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January 2004

The challenges of point-of-care testing, mate

by Andrew St John
Point-of-care testing

Minimizing costs? Quality assurance? Training? Simpler devices? asked four healthcare professionals in Australia and New Zealand what they saw as the main challenges of POCT.

Answers were broad in spectrum. Nevertheless, three challenges were (directly or indirectly) mentioned repeatedly: ensuring lab quality in point-of-care testing, information management and minimizing costs. 

Simple as the ubiquitous Coke machine

There is no better way to start a discussion about the challenges of POCT than to talk about the blood gas instruments used for testing at the point of care. Even though successful POCT transcends a single analyzer, ease of use is still a hot topic. It is no wonder. 

Ongoing training of (sometimes hundreds of) ward personnel and ensuring lab quality at the point of care can become a sheer nightmare if instruments are, on top of it all, difficult to use.     

“Ease of use remains a major problem for many POCT devices,” says Dr Andrew St. John, medical consultant at ARC Consulting, based in Highgate, Australia. “If we are to effectively devolve testing to non-laboratory-trained users, we need to make blood gas instruments or any other POCT device as easy to use as the ubiquitous Coke machine.”

More out of a single test

In the future, Dr Andrew St. John does not necessarily see POC devices evolving in the direction of offering users a wider test menu. “Rather than new tests we might see more of the existing tests being carried out on one sample,” he says.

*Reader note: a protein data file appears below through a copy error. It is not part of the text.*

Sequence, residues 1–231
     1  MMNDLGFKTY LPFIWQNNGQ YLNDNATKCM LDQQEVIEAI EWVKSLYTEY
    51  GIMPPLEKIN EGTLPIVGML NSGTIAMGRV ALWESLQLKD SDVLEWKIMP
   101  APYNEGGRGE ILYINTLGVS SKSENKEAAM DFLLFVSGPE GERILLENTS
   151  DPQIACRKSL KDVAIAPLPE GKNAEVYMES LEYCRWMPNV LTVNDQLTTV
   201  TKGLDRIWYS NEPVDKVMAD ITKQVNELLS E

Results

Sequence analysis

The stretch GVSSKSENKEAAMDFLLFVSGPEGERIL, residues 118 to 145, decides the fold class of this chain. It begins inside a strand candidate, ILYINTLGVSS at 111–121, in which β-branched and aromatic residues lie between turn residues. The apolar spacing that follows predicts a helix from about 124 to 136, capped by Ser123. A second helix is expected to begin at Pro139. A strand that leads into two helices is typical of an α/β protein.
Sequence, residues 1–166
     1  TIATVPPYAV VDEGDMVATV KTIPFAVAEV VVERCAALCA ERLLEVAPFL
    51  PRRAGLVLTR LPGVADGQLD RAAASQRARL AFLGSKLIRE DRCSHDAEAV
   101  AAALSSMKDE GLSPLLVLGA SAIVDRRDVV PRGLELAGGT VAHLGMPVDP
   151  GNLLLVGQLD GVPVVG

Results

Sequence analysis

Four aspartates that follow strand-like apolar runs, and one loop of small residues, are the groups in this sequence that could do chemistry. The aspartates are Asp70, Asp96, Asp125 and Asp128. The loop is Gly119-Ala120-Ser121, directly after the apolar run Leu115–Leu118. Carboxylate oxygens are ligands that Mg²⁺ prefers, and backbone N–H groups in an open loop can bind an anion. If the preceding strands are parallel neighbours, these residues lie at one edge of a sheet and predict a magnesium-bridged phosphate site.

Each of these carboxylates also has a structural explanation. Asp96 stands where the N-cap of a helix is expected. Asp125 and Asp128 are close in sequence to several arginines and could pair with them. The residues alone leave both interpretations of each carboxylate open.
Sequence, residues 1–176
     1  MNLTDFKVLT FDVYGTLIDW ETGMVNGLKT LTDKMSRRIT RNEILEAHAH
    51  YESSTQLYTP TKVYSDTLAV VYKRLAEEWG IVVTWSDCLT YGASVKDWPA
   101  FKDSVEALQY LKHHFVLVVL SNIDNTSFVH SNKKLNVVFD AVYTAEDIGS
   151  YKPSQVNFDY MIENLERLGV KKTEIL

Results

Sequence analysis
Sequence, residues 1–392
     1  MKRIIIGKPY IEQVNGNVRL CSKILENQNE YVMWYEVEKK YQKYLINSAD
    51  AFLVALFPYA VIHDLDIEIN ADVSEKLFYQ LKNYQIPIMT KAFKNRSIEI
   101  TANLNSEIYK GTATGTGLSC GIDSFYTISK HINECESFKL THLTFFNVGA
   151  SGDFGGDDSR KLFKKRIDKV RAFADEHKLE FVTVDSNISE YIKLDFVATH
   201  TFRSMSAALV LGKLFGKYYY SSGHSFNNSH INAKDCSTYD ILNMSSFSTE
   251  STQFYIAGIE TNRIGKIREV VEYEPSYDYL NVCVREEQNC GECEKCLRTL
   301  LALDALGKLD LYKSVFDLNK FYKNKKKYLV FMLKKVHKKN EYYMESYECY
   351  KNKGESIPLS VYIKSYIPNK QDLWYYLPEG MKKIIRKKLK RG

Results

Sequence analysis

“The utility of cardiac troponins in the Emergency Room means that one could make a sound case for them to be measured together with blood gases and electrolytes on the same sample, simultaneously.”

Dr Andrew St. John continues: 

“Given the length of time it has taken for chemistry and immunochemistry to be integrated into a single platform for central laboratory testing using serum or plasma, it will be interesting to see whether manufacturers can achieve simultaneous measurements any quicker. POCT requirements in Operating Rooms include blood gases and coagulation parameters. The question is: Can manufacturers overcome the different sample requirements and produce a device to measure all of these parameters on a single sample?”

Training staff is crucial

The goal of POCT is to ensure the right result for the right patient at the right time. However, ensuring quality does not depend on intuitive devices and technology alone. User training is just as important.

In 1997, the Canberra Hospital, in Canberra, Australia decided to upgrade its POCT setup. Peter Talsma, Chief Hospital Scientist at the hospital’s Pathology Department, was in charge of the project. 

“Connectivity was important, so pathology would have some idea of what was going on at the point of care,” Peter Talsma recalls. The other major issue was ensuring adequate training of all staff. “Or else, we would not harvest the expected results,” he explains.

For Peter Talsma, carrying out POC staff training on the blood gas analyzers is not only about ensuring lab quality of all tests done at the point of care. “It is also an excellent way of maintaining communication between Pathology and the POC sites.”

The provision of staff training was also considered high on the list of requirements to the supplier when Lab Plus, a hospital laboratory based in Auckland, New Zealand, went about upgrading its POCT setup.